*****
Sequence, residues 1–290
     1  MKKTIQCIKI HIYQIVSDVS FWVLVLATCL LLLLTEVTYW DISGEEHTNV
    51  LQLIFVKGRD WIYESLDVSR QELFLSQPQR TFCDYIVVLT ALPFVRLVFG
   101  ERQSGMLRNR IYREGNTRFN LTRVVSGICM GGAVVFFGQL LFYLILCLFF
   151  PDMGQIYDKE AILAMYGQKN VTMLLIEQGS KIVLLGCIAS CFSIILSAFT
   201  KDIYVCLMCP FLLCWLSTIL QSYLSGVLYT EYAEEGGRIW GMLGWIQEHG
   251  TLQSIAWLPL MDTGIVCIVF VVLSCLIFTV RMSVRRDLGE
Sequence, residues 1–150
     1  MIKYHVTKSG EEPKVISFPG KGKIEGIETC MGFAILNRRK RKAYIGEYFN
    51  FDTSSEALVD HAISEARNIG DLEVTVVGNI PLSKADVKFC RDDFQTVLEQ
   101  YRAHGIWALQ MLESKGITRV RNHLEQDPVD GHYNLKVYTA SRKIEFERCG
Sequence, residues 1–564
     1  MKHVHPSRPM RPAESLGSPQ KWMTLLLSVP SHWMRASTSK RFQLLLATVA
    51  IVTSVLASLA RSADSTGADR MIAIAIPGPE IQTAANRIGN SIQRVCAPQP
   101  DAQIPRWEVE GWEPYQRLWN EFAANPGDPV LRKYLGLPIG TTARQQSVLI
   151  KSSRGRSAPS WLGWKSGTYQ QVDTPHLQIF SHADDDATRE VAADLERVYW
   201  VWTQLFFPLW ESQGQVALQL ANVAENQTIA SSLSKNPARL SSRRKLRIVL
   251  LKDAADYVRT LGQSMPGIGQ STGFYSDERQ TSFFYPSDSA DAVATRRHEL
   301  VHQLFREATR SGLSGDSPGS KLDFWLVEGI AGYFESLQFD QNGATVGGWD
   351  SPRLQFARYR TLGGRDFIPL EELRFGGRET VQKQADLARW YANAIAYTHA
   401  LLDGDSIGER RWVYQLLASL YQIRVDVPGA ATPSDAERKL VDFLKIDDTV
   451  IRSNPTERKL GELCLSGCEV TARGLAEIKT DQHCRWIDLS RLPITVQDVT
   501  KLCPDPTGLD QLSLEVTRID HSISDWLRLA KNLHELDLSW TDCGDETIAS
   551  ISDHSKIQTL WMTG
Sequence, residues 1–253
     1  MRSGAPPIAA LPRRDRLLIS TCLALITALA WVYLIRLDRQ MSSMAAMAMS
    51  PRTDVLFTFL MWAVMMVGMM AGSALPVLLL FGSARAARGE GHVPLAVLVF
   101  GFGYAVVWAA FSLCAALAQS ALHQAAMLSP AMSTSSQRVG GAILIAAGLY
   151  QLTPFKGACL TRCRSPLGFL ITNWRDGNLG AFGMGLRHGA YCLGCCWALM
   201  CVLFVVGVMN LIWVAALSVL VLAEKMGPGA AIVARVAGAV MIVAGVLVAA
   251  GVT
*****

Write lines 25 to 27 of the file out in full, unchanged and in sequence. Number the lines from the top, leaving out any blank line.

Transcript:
Sequence, residues 1–253
     1  MRSGAPPIAA LPRRDRLLIS TCLALITALA WVYLIRLDRQ MSSMAAMAMS
    51  PRTDVLFTFL MWAVMMVGMM AGSALPVLLL FGSARAARGE GHVPLAVLVF